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Iran Hardliners Bar Dozens Of Current Lawmakers From Running Again


Iranian lawmakers holding pictures of slain Iran's Qods Force leader Qassem Soleimani as they chant 'death to America', during a parliament session in Tehran, January 7, 2020

Iran's conservative dominated Guardian Council has barred nearly one third of the current members of the Iranian Parliament (Majles) from running for the upcoming parliamentary elections, official news agency IRNA and semei-official agency ISNA reported Sunday January 12.

Some 800 candidates were also disqualified by the Interior Ministry last month. However, the 80 or so MPs whose disqualification was announced on Sunday comprise one of the largest number of incumbent MPs ever barred from running for the Majles.

Election candidates need to get through a rigorous and otherwise politically biased vetting process by the Interior Ministry and the Guardian Council before they can run for parliament.

Well-known members of the parliament, Ali Motahari from among the conservatives and Mahmoud Sadeqi from the reform camp have also been disqualified by the Guardian Council. Both of them were noticeably vocal at the Majles during the past four years.

Motahari who found his way to the current Majles with support lent to him by reformists is known for challenging hardliners including Supreme Leader Ali Khamenei's views and Sadeqi is known for his support for human rights. Motahari told ISNA on Sunday that he has not received any notification about the result of the vetting.


The Council has also barred prominent hardliner lawmakers including Mohsen Kouhkan, Nader Ghazipour, Hossein Naqavi Hosseini and Mohammad Ali Pourmokhtar from running for the upcoming Majles, hardline Fars news agency reported.

Naqavi Hosseini a member of the National Security and Foreign Policy Committee of the Majles, is the MP who revealed some 7,000 protesters were in jail following the protests that shook Iran in November.

Meanwhile, other prominent reformist MPs including Fatemeh Saeedi, Tayebeh Siavoshi and Elias Hazrati (the managing editor of Etemad newspaper) and Mohammad Reza Tabesh (a political figure close to former reformist president Mohammad Khatami) have also been disqualified.

Meanwhile, the reformist Unity of Nation Party has announced that only one of its current MPs has been qualified to run for the next Majles. Reformist women's faction, Zanan Noandish, also says only one of its candidate, current MP Farideh Owlad Qobad got through the vetting.

Another reformist political organization, the Progressive party, has announced that none of its 10 candidates have been qualified by the Guardian Council.

In an unlikely event, hardline clerical organization The Militant Clerics Association has announced that only one of its many candidates, Majid Ansari, has been qualified by the Guardia Council.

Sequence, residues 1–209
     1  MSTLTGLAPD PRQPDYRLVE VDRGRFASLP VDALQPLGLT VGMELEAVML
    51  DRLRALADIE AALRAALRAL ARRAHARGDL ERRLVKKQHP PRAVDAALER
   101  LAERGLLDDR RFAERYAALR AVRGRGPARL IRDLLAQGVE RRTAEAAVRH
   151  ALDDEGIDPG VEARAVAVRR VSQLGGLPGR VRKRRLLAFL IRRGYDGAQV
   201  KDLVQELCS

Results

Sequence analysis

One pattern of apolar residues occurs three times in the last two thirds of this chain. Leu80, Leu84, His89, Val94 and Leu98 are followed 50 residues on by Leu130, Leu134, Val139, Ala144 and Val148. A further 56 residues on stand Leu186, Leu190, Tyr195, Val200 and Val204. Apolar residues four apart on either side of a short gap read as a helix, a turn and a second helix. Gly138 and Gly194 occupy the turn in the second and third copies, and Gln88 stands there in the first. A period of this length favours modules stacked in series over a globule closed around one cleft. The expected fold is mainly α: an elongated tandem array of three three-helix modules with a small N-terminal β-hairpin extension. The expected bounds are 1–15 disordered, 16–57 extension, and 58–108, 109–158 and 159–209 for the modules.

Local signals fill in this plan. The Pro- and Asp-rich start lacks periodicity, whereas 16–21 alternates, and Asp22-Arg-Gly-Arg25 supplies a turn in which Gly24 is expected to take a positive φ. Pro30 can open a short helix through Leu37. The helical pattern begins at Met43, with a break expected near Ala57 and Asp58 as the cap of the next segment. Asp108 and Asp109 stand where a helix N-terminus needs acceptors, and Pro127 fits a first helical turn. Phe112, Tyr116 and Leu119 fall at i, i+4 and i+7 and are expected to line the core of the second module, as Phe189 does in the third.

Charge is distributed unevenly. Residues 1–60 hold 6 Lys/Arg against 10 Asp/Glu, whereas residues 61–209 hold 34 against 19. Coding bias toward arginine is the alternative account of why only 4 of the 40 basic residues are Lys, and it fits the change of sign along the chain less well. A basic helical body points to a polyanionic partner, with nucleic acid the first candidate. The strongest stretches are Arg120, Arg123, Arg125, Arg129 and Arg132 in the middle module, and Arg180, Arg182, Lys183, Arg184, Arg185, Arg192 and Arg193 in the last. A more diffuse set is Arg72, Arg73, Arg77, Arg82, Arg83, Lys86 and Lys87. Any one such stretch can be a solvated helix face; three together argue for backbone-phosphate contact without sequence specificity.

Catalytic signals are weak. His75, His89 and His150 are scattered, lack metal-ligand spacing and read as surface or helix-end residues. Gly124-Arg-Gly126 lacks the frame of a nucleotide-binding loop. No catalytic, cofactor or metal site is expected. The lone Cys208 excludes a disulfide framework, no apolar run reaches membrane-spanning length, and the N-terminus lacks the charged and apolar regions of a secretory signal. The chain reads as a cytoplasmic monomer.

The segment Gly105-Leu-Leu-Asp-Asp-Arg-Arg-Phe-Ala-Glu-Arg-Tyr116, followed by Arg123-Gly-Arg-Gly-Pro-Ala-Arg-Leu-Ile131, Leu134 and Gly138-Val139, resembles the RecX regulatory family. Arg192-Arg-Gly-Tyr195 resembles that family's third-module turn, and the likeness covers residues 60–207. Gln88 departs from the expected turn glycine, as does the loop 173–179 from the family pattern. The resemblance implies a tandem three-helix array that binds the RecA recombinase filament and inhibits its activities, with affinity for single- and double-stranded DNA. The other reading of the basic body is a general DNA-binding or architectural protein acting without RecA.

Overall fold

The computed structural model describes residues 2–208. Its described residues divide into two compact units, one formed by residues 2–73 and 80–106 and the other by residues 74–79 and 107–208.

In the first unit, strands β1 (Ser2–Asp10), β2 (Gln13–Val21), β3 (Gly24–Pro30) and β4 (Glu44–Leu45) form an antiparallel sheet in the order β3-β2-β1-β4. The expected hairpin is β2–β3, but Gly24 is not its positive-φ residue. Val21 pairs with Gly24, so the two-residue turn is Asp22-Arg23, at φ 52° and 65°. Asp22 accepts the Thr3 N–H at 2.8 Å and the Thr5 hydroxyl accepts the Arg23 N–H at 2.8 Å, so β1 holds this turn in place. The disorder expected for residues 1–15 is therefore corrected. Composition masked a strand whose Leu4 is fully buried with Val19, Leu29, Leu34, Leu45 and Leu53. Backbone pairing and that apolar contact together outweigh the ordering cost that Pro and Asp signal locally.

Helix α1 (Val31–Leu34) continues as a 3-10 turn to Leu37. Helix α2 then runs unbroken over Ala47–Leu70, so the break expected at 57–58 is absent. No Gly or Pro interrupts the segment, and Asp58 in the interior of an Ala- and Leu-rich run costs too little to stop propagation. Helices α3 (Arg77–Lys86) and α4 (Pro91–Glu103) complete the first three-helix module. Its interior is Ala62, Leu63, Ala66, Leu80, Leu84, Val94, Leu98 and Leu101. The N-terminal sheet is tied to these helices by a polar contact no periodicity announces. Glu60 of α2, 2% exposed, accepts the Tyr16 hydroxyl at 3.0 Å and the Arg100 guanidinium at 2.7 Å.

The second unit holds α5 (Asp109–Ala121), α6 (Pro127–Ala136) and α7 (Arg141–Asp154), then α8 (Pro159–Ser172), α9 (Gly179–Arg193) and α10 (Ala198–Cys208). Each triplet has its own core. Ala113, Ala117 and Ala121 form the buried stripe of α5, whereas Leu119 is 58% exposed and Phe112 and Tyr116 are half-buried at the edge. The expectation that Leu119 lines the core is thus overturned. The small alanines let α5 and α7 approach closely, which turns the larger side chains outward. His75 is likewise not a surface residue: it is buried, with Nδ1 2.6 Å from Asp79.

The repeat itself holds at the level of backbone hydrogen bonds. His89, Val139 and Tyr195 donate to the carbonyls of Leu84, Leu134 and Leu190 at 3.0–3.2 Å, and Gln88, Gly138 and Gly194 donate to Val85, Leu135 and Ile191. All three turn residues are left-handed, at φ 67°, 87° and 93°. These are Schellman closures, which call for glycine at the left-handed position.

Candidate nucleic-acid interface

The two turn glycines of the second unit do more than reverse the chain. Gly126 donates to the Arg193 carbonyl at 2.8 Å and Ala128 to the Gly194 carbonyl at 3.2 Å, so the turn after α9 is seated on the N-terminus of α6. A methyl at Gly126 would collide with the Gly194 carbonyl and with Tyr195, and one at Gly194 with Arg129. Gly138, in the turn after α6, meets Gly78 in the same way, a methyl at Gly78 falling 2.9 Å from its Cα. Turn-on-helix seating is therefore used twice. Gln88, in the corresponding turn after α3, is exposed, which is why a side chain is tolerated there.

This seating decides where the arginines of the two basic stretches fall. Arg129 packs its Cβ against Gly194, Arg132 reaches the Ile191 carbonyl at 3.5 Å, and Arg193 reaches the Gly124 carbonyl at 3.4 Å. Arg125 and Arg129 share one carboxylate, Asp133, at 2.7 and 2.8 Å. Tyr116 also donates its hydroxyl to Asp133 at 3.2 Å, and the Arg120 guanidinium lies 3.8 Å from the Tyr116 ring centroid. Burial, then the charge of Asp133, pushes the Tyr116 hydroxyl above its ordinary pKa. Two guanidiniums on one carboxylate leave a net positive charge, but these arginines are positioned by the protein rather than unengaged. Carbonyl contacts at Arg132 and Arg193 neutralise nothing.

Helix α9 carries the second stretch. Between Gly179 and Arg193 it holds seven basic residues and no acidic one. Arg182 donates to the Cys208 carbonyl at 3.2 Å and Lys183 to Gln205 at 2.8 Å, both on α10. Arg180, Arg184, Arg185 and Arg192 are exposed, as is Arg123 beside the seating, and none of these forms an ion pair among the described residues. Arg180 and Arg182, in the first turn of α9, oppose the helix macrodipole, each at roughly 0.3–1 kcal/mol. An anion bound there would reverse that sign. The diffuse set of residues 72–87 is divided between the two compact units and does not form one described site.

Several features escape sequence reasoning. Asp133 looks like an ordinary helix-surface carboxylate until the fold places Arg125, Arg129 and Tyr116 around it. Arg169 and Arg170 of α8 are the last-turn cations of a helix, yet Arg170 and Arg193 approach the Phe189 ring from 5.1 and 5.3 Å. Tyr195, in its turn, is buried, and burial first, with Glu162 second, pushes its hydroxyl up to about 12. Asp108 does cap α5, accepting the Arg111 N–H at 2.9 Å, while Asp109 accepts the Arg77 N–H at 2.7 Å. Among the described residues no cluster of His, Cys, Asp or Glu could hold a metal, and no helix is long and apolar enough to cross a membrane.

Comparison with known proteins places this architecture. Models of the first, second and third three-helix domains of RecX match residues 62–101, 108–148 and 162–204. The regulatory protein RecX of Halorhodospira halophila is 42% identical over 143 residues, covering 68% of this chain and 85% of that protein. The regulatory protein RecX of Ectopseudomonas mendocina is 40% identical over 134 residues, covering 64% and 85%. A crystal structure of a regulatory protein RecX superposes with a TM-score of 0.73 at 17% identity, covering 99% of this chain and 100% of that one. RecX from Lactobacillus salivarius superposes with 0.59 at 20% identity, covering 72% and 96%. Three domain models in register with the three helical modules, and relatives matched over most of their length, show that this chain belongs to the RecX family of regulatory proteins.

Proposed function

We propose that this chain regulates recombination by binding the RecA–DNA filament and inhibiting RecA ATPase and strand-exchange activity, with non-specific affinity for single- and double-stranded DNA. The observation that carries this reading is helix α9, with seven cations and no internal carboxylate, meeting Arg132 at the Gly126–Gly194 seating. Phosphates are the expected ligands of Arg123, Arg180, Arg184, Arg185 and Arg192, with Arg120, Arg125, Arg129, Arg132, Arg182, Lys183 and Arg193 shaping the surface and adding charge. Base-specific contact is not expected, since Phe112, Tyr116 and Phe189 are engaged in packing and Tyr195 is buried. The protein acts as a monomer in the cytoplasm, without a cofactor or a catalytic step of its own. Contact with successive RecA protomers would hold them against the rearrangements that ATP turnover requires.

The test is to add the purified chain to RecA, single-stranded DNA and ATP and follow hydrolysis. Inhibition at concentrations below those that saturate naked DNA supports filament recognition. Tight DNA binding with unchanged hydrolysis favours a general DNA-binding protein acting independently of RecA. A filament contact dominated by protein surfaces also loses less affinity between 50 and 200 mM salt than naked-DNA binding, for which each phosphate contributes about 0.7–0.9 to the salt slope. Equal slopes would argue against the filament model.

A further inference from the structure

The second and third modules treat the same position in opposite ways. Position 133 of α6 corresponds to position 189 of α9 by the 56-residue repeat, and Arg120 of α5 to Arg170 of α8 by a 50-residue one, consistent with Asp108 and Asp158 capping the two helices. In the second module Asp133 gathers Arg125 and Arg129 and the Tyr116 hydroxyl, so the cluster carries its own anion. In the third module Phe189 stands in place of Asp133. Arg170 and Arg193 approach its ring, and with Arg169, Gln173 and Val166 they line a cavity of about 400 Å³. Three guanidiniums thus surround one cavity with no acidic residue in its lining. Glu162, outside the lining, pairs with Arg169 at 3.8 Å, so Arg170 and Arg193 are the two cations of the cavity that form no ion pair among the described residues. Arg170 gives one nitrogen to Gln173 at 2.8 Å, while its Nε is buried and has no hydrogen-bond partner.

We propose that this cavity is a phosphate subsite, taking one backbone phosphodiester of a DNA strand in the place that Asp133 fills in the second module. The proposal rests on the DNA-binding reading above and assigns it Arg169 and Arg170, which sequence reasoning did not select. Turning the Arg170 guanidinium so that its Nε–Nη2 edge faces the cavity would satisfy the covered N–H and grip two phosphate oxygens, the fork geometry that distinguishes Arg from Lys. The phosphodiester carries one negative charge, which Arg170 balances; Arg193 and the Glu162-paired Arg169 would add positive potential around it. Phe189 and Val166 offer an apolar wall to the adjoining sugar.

From the moderate conservative Larijani's camp, the Guardian Council has disqualified Behrouz Nemati, a political figure close to Larijani and a member of the Majles presidium. Larijani himself is not running for the next Majles.

Those disqualified have five days to challenge the Guardian Council's ruling. In the past, the Council members were rarely observed to change their mind about disqualifications.

The widespread disqualification of current lawmakers could be a move to pave the way for first-time contenders, mainly young hardliners, who have registered as candidates for the new Majles.


As internal and external pressures have mounted for Khamenei and the Revolutionary Guard, the move to stack parliament with trusted hardliners indicates a tendency to retreat behind the barricades to resist any change.

There are at least two separate lists of 30 hardliner conservative candidates for Tehran although official campaigning has not started yet. Political heavyweights among conservatives such as former Mayor Mohammad Baqer Qalibaf, former nuclear negotiator Saeed Jalili and ultraconservative party Paydari have been grooming young conservatives who have registered as candidates.

However, Qalibaf, Saeedi and Paydari leader Mojtaba Aqa Tehrani are not likely to be candidates themselves. All three appear to be active as kingmakers ahead of the Majles elections.

The Iranian state TV which is under Khamenei's control has been interviewing the hardline candidates on a daily basis without characterizing them as candidates.

The next Majles election is to be held on February 21.

In the meantime, dozens of candidates from various political parties told ISN that they have not received any notification from the Guardian Council about their qualification or disqualification, although the Council has declared the end of vetting Saturday night. Shahindokht Molaverdi, a former presidential aide is among these candidates.

Various political parties including the reformist Neda-ye Iranian and the centrist Executives of Construction and Justice and Development parties have said they are assessing the situation of their candidates in the provinces.

Iranian reformists had said earlier that they might not take part in the elections if all of their candidates are disqualified.

However, six weeks before the elections, there is very little visible interest in the elections among the media and the public partly because of major political developments and protests. Meanwhile, the undermining of the functionality of the Majles because of political interventions by Khamenei and his appointees at the Expediency Council and Guardian Council, as well as the poor performance of the legislature in the current term has led to disillusionment and frustration among potential voters.

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